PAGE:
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26 August 2013
Cocaine rewires learning centers of brain to drug-seek

Cocaine can quickly rewire high-level brain circuits that support learning, memory and decision-making, say scientists who believe the findings shed new light on the frontal brain's role in drug-seeking behavior and may be key to tackling addiction.

The researchers, from the University of California, Berkeley, and University of California, San Francisco, say the key areas of the brain affected are the frontal lobes. Using laser scanning microscopy, the researchers made images of nerve cell connections in the frontal cortices of live mice before and after the mice received their first dose of cocaine and, within just two hours, observed the formation of new dendritic spines. After just one dose of cocaine, mice showed fast and robust growth of dendritic spines, which are tiny, twig-like structures that connect neurons and form the nodes of the brain's circuit wiring.

"Our images provide clear evidence that cocaine induces rapid gains in new spines, and the more spines the mice gain, the more they show they learned about the drug," said Linda Wilbrecht, lead author of the study.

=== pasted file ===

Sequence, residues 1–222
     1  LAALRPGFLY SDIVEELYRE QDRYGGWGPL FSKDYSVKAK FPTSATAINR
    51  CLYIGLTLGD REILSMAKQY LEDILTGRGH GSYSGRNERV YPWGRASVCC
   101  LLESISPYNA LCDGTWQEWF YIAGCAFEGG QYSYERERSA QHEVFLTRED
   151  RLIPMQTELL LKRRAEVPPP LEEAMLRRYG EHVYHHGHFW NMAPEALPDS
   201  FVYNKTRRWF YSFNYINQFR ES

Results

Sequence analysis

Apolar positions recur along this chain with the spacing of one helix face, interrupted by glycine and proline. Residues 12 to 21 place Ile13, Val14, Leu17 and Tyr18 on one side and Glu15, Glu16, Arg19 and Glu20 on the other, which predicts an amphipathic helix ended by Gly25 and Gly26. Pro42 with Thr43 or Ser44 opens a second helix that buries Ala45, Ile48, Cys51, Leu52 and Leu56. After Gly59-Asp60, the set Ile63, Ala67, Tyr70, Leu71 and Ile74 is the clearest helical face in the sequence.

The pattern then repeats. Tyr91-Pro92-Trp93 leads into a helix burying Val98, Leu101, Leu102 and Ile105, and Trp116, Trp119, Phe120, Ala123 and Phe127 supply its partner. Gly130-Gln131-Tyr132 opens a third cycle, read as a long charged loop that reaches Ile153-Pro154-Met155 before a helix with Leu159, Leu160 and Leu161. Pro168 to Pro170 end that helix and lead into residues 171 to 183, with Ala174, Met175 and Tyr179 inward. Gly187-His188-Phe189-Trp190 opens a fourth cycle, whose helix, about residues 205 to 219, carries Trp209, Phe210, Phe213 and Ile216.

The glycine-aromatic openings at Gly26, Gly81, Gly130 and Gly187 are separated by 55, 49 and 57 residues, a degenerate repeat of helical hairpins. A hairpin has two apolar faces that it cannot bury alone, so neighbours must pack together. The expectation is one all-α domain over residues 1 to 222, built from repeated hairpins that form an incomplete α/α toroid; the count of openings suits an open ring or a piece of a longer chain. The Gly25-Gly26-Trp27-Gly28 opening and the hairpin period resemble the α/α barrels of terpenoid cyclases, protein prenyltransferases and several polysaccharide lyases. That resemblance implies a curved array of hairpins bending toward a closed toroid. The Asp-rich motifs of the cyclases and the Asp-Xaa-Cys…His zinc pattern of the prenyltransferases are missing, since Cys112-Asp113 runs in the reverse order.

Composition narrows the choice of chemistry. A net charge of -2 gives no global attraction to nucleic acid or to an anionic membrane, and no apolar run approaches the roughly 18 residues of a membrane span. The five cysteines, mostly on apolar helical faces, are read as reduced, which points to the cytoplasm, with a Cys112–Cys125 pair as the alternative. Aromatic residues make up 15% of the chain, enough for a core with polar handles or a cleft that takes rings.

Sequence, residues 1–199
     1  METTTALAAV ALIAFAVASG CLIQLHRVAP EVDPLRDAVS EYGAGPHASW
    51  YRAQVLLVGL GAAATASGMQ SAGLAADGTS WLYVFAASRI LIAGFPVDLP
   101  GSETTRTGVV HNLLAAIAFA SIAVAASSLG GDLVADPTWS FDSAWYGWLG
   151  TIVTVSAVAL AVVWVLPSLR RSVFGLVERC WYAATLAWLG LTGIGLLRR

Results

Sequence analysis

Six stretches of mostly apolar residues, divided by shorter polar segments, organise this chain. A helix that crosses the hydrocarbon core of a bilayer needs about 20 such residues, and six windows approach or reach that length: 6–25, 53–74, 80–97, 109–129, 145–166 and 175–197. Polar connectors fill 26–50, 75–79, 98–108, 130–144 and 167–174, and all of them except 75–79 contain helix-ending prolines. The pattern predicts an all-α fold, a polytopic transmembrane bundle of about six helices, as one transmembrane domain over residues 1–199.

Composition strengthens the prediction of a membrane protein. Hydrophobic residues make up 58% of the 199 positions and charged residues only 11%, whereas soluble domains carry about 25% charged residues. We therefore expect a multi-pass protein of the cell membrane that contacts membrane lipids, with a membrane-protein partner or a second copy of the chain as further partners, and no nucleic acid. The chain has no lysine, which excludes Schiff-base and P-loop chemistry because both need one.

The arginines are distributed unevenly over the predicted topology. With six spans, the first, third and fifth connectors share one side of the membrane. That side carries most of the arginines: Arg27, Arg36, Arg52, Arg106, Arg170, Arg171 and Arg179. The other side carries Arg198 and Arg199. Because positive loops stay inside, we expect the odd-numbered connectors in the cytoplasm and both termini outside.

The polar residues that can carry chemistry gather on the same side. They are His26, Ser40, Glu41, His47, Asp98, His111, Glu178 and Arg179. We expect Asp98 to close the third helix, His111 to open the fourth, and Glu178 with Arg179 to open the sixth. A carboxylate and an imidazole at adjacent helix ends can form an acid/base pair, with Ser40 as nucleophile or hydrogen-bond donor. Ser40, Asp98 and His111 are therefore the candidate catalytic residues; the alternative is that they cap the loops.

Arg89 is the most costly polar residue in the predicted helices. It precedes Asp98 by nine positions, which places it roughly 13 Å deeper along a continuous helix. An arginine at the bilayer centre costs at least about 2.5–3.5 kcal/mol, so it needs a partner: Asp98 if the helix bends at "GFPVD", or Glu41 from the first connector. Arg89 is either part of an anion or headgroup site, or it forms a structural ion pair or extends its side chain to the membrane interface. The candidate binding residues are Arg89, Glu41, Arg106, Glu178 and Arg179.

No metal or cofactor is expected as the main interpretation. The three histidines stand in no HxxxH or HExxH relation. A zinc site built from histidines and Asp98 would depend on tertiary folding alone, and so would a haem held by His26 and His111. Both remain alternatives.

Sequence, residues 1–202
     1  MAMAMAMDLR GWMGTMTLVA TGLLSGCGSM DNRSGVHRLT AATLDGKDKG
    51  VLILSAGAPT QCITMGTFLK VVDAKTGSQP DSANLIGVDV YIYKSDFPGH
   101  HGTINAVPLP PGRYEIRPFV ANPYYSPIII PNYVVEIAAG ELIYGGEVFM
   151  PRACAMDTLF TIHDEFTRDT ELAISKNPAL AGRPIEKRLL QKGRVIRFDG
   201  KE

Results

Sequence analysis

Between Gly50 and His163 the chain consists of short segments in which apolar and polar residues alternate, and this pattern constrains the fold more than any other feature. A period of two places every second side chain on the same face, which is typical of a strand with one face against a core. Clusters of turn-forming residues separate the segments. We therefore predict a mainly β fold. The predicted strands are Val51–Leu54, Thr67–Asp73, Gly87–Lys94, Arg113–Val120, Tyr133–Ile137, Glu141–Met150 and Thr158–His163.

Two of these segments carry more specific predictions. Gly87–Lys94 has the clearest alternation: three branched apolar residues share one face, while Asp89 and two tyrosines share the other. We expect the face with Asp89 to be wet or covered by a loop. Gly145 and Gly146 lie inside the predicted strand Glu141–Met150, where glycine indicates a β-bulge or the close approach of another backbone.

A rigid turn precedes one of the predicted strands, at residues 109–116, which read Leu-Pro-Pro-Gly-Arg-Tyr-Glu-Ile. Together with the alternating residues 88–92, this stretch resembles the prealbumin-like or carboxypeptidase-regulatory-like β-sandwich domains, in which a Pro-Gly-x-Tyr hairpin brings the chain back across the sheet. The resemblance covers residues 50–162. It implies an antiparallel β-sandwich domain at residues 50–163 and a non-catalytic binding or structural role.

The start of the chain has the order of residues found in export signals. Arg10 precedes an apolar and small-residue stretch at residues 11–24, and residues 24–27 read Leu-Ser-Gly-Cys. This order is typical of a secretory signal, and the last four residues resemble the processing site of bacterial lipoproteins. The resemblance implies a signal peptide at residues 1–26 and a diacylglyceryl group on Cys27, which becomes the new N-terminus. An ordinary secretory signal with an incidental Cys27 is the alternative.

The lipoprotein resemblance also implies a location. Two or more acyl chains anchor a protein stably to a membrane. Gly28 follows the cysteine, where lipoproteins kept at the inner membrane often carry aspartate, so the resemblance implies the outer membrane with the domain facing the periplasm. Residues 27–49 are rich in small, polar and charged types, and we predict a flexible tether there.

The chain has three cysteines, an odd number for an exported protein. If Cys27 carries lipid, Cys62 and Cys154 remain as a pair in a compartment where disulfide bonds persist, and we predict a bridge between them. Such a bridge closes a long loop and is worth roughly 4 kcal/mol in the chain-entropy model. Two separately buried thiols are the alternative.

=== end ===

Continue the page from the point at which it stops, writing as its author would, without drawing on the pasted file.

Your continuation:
For mice, "learning about the drug" can mean seeking it out to the exclusion of meeting other needs, which may explain how addiction in humans can override other considerations that are necessary for a balanced life: "The downside is, you might be learning too well about drugs at the expense of other things," Wilbrecht said.

The drug-induced changes in the brain may explain how drug related cues come to dominate decision-making in a human drug user, leaving more mundane tasks and cues with relatively less power to activate the brain's decision-making centers.

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Source: University of California - Berkeley


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